The Raven
    Bela Lugosi and Boris Karloff team up in this excellent 1935 chiller. Lugosi is crazed brain-surgeon Dr. Richard Vollin who is infatuated with the characters and devices found in the Edgar Allan Poe stories. When a local judge brings his beautiful daughter for brain surgery, the doctor falls in love with her and is spurned by the judge when he asks for her hand in marriage. To extract revenge, Vollin invites the judge, his daughter, and her new fiance over for dinner. He intends to try out some of his gruesome Poe gadgets on them. Before he can, enter Boris Karloff, a prison escapee who wants Vollin to do some much-needed plastic surgery on his face. Vollin obliges, but instead of making him handsome, he deforms Karloff and subjects him to his will. Now the evil Vollin can get down to business... ~ Phillip Erlewine, Rovi

    The Black Cat
    The first cinematic teaming of horror greats Boris Karloff and Bela Lugosi is a bizarre, haunting, and relentlessly eerie film that was surprisingly morbid and perverse for its time. Peter (David Manners) and Joan Allison (Julie Bishop) are honeymooning in Budapest when they meet mysterious scientist Dr. Vitus Verdegast (Lugosi) aboard a train. When the trio's bus from the train station gets into an accident, the young couple accompanies Verdegast to the castle of the spectral Hjalmar Poelzig (Karloff), an architect and the leader of a Satanic cult. Poelzig's treachery in World War I caused the deaths of thousands of his and Verdegast's countrymen, as well as Verdegast's own internment as a prisoner of war. While Verdegast was detained, Poelzig married first his wife, who later died, then his daughter. Now Verdegast has come back for retribution, and the honeymooners are trapped in the two men's horrifying battle of wits. Corpses preserved in glass cases, frightening Satanic rituals, and a climactic confrontation in which one of the characters is skinned alive add to the film's pervasive sense of evil and doom, along with the stark black-and-white photography by John Mescall that makes Poelzig's futuristic mountaintop mansion even more disturbing. Karloff and Lugosi are both excellent, with Lugosi doing a rare turn as a good guy, albeit one who has gone off the rails. Having little to do with the Edgar Allan Poe story of the same name, The Black Cat has grown in stature over the years and is now widely regarded as the masterpiece of director Edgar G. Ulmer and one of the finest horror films ever made. ~ Don Kaye, Rovi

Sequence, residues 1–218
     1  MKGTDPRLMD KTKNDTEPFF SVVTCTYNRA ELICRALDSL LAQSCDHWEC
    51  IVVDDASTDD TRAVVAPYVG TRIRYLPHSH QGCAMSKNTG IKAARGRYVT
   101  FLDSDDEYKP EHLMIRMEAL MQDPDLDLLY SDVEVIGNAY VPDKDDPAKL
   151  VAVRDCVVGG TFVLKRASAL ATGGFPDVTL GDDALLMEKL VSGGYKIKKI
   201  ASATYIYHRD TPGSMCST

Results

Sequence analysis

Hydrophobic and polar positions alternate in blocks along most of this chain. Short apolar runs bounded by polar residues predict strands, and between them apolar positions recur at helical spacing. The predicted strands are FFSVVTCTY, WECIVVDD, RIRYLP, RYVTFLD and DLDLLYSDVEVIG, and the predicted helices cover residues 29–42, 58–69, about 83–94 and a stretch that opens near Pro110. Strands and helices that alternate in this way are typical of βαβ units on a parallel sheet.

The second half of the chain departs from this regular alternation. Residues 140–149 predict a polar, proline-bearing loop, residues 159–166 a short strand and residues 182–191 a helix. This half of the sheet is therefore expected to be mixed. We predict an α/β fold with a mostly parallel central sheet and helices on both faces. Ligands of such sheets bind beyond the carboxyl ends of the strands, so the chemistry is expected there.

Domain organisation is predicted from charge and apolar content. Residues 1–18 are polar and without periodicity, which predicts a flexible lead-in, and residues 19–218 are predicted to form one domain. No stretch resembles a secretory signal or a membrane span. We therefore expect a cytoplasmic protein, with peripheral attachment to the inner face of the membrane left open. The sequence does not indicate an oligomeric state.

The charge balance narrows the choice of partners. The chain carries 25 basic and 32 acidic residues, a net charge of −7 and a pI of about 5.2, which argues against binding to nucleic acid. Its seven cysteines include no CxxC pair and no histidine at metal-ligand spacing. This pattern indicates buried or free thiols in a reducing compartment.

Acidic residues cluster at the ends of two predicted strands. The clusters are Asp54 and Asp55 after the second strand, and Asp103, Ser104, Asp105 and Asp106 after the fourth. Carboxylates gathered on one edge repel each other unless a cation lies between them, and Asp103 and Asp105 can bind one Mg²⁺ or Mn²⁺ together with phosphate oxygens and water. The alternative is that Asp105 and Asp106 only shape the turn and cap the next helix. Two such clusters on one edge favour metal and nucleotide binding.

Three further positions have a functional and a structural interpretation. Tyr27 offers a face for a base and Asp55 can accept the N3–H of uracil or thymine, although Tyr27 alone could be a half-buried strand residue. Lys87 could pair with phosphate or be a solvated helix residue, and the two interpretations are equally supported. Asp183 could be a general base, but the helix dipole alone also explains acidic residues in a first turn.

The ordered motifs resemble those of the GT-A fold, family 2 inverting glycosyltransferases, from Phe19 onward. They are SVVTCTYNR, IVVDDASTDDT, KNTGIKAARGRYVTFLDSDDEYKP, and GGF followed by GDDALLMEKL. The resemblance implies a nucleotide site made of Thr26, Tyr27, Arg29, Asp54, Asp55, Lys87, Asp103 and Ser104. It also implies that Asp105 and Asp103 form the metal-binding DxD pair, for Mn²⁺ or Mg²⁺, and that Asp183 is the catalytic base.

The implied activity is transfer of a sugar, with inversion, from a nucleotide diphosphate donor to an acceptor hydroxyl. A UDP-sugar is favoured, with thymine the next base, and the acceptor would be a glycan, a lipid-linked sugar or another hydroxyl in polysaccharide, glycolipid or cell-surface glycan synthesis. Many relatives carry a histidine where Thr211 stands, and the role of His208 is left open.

Murders in the Rue Morgue
    Having missed the opportunity to direct Frankenstein for Universal, Robert Florey was offered Murders in the Rue Morgue as a consolation, whereupon he transformed a pedestrian property into a minor classic. Owing more to Cabinet of Dr. Caligari than to Edgar Allen Poe, the film stars Bela Lugosi as Doctor Mirakle (accent on the second syllable), a carnival sideshow entertainer who doubles as a mad scientist. Kidnapping prostitutes off the Paris streets, Mirakle endeavors to mix their blood with that of his pet gorilla. His experiments will forever be doomed to failure, however, until he is able to obtain the blood of a virgin -- and that's where Camille L'Espanye (Sidney Fox) comes into the picture. When Mirakle's monkey kidnaps Camille and murders her mother, suspicion immediately falls upon the girl's sweetheart, starving artist Pierre Dupin (Leon Waycoff, later known as Leon Ames). But by using the deductive skills displayed in the original story by Poe's master detective C. Auguste Dupin, our hero not only proves his innocence, but rescues the helpless heroine from Mirakle's clutches. ~ Hal Erickson, Rovi

    Cast & Crew

    • Bela Lugosi
      Bela Lugosi - Dr. Felix Benet
    • Frances Drake
      Frances Drake - Diane Rukh
    • Frank Lawton
      Frank Lawton - Ronald Drake
    • Walter Kingsford
      Walter Kingsford - Sir Francis Stevens
    • Beulah Bondi
      Beulah Bondi - Lady Arabella Stevens

    Customer rating

    Rating 5 out of 5 stars with 1 review

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    • Rating: 5 out of 5 stars

      Best of the Classics with Bela

      • Verified PurchaserVerified Purchase

      I love the oldies, funny now a days the "vampire" frenzy has taking over.. news flash Bella had it going on. For the era, Bela was believably scary, thoughtful, hard working, actor, props, music, atmosphere are perfect. I am ordering the Mummy, Wolfman, & Frankenstein classics next.

      I would recommend this to a friend